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Cameras In The Courtroom

Because of the Lindbergh baby murder trial, photographers and movie cameras were banned in all federal and state courts. The American Bar Association enacted Canon 35 of the Code of Judicial Conduct as it related to the media. In part it read, "The taking of photographs . . . and the broadcasting of court proceedings are calculated to detract from the essential dignity of the proceedings . . . and create misconceptions in the mind of the public and should not be permitted."

The legal community had concluded that cameras were entirely too disruptive to trials. Yet as technology improved over time and cameras became smaller, easier to handle, and less disruptive, the media once again tried to enlarge its scope of trial coverage. As with other major issues of the day, the U.S. Supreme Court had a say in the controversy between the Lawyers and family members often make impassioned pleas to the media, which some worry may taint the jury pool. (AP/Wide World Photos)

rights of the media and the rights of the accused. The case of Estes v. Texas (1965) involved a trial that originally received great publicity because of the defendant's relationship to U.S. president Lyndon B. Johnson (1908–1973; served 1963–69).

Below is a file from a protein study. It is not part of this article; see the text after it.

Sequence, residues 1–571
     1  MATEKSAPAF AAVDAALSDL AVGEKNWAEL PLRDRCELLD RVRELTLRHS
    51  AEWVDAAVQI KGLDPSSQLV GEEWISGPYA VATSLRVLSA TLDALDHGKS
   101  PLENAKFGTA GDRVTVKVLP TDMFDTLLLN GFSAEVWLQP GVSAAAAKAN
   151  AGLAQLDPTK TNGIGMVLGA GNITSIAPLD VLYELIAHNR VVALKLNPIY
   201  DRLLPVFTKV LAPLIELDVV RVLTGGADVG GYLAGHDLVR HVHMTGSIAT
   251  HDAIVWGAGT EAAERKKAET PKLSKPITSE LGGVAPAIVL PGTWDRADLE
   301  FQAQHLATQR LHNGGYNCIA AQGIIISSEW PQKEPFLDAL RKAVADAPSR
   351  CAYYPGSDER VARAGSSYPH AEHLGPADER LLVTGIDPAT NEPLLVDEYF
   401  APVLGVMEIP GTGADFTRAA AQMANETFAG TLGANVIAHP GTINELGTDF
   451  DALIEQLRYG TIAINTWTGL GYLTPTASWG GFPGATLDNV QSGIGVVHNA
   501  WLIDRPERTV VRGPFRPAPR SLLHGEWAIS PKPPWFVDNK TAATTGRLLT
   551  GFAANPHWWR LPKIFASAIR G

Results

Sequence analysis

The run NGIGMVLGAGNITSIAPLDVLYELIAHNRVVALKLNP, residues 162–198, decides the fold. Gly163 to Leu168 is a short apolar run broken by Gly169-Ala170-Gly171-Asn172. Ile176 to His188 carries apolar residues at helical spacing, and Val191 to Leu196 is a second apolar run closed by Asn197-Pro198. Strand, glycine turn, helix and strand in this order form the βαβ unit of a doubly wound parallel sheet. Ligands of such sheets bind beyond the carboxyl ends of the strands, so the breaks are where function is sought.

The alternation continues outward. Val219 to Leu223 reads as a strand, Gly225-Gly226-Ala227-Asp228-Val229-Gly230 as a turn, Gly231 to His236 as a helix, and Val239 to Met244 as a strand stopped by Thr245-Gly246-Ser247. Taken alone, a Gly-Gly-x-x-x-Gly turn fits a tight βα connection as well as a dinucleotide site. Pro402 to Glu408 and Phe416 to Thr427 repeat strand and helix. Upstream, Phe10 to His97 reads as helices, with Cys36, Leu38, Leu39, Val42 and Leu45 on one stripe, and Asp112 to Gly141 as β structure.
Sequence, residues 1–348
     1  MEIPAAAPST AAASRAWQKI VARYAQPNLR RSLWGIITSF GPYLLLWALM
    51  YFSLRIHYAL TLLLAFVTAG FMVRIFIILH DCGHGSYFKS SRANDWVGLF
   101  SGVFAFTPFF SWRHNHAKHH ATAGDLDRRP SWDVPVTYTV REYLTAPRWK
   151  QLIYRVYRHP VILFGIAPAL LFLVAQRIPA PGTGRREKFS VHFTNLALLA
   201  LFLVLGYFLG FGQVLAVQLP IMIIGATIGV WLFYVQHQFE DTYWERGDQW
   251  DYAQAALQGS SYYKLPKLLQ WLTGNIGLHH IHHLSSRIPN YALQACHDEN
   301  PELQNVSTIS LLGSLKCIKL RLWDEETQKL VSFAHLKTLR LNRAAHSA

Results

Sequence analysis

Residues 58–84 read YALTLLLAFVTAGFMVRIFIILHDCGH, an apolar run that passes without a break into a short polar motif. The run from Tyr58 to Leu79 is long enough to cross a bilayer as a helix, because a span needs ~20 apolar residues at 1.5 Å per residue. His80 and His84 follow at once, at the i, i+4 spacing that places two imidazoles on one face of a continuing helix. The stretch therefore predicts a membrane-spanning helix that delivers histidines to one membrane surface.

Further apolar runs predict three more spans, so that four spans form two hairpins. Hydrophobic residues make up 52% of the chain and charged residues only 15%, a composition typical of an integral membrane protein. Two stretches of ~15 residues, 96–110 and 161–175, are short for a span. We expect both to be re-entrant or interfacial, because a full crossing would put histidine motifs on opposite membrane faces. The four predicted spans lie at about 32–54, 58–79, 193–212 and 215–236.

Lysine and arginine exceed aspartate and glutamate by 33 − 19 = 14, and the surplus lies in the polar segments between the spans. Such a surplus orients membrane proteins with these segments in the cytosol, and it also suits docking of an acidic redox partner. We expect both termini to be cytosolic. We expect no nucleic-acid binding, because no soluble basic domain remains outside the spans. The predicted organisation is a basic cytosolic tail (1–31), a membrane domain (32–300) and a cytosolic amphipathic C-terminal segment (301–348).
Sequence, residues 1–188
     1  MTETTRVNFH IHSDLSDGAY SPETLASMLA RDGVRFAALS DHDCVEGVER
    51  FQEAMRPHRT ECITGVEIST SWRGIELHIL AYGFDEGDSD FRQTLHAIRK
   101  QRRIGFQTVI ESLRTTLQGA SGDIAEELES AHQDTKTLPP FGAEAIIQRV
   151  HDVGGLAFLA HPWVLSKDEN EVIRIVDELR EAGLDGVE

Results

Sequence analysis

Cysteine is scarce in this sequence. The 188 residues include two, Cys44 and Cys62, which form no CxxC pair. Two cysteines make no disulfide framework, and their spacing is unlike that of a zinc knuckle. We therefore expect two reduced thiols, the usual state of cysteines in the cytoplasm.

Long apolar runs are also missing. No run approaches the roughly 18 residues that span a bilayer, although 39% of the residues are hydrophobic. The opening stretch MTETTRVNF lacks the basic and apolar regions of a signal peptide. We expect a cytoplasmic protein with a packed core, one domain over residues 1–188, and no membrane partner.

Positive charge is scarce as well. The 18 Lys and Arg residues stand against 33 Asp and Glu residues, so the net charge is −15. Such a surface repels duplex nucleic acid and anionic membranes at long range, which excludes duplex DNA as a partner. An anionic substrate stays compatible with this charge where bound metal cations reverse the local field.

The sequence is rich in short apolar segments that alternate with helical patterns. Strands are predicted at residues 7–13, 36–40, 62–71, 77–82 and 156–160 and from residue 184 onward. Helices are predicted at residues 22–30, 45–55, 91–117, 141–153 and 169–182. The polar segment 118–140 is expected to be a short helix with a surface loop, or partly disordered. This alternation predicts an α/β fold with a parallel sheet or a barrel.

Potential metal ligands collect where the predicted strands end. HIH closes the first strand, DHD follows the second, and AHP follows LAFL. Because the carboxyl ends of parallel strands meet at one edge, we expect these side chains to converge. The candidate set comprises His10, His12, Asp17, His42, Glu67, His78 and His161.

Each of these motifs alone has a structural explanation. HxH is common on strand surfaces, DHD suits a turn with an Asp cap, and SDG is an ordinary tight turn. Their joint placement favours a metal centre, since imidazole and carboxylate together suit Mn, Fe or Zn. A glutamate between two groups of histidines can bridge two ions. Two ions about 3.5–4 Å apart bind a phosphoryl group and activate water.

Estes was found guilty of business fraud and sentenced to prison. In the Court's ruling, Justice John Marshall Harlan (1899–1971) declared that televised proceedings in criminal trials of great note created considerable prejudice against the defendants. Harlan believed televised proceedings lacked due process. The following year, in overturning the murder conviction of Ohio physician Sam Sheppard, the Court stated that it was the duty of the presiding judge to prevent press coverage from interfering with court proceedings.

During the 1980s the Supreme Court began allowing more access after media advocates claimed that televising trials would make media representatives strive to be more accurate in their reporting. Other changes in the media brought new issues as well. Cable news stations and the 24-hour news cycle became commonplace and included legal commentators, who were not always accurate and could create false impressions of a trial's proceedings.

The legal community and the media attempted to work together in many respects to bridge the gap between fair trials and the public's right to information regarding trials. Judges are primarily in charge of regulating cameras inside their courts and usually ask jurors to avoid television coverage of their case. No cameras are allowed in federal courts, though oral arguments in front of the U.S. Supreme Court can be watched on the C-SPAN cable network.

Additional topics

Law Library - American Law and Legal InformationCrime and Criminal LawMedia - History Of The Media And The Courts, Tried In The Media, The Crime Of The Century